Spare Parts 3D’s New Software Converts 2D Drawings into 3D Models

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French firm Spare Parts 3D has announced the launch of Théia, a software that transforms 2D technical drawings into 3D models quickly and efficiently. Designed to streamline the process of digitizing spare parts,  Théia will help companies create and manage their digital inventories. Stemming from a three-year R&D effort with The Laboratoire Universitaire de Recherche Automatisée (LURPA) and supported by the Defense Innovation Agency—part of the French Ministry of the Armed Forces—this new technology integrates with 3D printing technologies, facilitating on-demand, local production of spare parts and contributing to more sustainable manufacturing practices.

Spare Parts 3D is currently rolling out Théia in its beta phase, inviting companies to participate in a program that tests and enhances the software’s capabilities. The goal is to challenge Théia’s accuracy in transforming 2D technical drawings into 3D models across file formats, design standards, and industries. Théia breaks a 30-year-old industry barrier by automating this conversion process, reducing the time and cost involved, now taking just minutes. Participants in the beta program will contribute their technical drawings and, in return, receive 3D models of the drawings they provided. While the program primarily focuses on mechanical and spare parts drawings, it excludes electrical, architectural, and hydraulic drawings. Companies interested in exploring the capabilities of Théia and aiding in its development can register online to join this innovative beta testing initiative.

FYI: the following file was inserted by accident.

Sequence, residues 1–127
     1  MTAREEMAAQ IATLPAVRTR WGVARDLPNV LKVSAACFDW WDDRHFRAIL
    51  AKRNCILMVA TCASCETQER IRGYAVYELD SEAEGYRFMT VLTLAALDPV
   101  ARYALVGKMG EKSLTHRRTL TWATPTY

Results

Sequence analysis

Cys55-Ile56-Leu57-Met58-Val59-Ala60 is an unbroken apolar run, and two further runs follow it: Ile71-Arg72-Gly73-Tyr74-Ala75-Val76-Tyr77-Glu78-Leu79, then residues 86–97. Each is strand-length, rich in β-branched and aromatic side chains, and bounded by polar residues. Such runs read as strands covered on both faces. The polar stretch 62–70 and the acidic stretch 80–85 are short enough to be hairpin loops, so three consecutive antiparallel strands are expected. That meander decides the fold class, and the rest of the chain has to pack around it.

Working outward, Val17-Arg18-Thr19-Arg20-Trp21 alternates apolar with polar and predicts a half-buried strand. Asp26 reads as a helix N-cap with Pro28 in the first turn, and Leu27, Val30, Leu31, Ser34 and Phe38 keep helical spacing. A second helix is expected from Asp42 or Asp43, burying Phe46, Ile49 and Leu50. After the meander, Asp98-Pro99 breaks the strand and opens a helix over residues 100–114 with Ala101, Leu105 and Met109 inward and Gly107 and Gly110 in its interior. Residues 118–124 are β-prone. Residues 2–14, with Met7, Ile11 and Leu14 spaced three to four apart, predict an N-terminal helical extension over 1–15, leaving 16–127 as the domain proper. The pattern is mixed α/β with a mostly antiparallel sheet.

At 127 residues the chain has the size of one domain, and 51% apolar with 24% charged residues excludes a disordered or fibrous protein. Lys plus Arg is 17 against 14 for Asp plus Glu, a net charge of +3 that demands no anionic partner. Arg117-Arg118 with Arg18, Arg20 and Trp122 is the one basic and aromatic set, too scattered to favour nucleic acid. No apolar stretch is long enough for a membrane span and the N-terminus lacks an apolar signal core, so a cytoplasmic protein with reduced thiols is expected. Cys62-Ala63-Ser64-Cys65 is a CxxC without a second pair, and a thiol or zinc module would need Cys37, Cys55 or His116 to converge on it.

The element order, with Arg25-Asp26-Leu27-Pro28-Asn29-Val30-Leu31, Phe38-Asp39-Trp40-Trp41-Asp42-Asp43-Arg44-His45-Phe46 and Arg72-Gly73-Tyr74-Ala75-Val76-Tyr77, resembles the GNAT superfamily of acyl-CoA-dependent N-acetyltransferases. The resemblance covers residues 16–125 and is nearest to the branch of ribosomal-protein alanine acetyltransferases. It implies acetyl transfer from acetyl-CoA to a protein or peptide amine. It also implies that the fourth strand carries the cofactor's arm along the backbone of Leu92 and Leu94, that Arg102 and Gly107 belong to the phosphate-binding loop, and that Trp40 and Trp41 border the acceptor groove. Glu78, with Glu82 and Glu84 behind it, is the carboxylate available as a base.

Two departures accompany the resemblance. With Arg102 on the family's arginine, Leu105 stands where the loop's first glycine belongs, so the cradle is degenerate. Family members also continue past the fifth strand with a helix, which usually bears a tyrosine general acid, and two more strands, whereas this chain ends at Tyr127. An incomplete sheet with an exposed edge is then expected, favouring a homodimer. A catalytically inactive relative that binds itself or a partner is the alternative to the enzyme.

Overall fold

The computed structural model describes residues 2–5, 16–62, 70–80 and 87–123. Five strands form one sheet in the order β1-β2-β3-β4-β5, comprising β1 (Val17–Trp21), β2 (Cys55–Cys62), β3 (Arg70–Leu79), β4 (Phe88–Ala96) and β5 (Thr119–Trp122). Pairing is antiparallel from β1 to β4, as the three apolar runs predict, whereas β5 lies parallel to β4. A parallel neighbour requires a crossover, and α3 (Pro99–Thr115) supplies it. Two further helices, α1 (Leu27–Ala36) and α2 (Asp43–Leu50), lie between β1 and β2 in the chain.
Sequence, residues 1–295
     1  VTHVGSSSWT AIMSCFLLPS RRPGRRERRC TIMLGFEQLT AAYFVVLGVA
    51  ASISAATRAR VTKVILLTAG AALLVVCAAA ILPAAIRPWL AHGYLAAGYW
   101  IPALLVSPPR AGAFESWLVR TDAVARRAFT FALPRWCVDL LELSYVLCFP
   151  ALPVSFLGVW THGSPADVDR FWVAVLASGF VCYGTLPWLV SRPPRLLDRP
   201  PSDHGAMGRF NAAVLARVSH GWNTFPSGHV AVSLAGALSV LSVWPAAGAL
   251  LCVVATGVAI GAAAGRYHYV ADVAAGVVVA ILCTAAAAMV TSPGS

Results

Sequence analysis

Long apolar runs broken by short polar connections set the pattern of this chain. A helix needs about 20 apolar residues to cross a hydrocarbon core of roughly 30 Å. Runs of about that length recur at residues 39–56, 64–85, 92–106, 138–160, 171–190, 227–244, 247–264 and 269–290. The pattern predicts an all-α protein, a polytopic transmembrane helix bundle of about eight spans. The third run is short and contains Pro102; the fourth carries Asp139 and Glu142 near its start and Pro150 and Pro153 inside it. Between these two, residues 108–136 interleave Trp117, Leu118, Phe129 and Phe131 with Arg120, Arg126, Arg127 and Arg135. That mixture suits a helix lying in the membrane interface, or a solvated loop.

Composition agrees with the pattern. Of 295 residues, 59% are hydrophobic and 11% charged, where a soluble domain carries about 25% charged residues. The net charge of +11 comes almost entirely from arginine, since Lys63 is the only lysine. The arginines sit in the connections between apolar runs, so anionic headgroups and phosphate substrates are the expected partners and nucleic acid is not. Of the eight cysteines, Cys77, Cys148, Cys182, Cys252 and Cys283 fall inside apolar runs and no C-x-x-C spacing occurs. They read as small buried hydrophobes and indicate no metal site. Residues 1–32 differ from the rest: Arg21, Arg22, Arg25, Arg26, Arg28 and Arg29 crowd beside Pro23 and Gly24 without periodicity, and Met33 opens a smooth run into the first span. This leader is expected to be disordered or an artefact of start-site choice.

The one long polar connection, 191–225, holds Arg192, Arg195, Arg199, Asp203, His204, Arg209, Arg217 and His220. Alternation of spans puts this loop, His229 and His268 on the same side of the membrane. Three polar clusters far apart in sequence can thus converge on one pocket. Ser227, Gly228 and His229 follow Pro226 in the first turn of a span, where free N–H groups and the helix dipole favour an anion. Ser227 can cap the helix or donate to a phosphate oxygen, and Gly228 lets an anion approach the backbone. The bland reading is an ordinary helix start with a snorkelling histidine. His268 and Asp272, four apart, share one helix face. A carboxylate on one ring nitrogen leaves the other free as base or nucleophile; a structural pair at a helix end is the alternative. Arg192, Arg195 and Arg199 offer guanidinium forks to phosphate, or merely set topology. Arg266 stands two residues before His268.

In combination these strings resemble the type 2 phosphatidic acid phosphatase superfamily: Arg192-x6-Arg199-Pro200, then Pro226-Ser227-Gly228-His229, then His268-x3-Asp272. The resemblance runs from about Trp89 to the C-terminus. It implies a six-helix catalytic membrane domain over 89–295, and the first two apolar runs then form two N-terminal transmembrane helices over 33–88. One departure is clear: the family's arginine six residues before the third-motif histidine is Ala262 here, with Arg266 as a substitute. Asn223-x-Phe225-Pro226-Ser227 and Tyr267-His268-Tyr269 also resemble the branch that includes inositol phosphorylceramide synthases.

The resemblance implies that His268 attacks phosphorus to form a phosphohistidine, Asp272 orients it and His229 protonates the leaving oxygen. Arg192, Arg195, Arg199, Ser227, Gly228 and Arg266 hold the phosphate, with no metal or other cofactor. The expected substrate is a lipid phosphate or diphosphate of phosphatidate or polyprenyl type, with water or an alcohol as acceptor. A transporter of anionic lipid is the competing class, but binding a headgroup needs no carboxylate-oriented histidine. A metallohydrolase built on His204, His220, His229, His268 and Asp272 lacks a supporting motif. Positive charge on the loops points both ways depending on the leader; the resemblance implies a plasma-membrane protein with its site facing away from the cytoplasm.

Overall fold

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CEO and Founder Paul Guillaumot said Théia is a disruptive innovation that represents a major technological leap forward. It makes it possible to digitalize supply chains on a massive scale for sectors such as energy, defense, petrochemicals, railways, shipping, and mining, where the need for spare parts is considerable.

“Theia will deliver considerable savings by reducing physical inventories of spare parts. According to a 2018 study by Theano Advisors, the global inventory value of printable parts was $174 billion (€160 billion). Considering an average inventory cost of 20%, Theia will save companies $34 billion (€31 billion) a year through digitalization,” explains the executive.

According to Guillaumot, the initial results of the beta testing will lead to the first publication in mid-2024. The next step is to generalize 3D reconstruction from drawings and parts of any complexity and obtain parametric files, allowing Spare Parts 3D to automatically modify them according to the chosen manufacturing processes.

Théia, integrated with Spare Parts 3D’s proprietary DigiPART software, makes it easy to determine which spare parts can be 3D printed in terms of technical feasibility and cost. This software creates digital twins and identifies the best local 3D printing services. This setup allows companies to produce parts exactly where needed, reducing wait times and shipping costs. More than a tool, Spare Parts 3D wants Théia to become a game-changer for maintaining and repairing equipment, ensuring that parts are readily available for sectors to keep their machinery in great shape.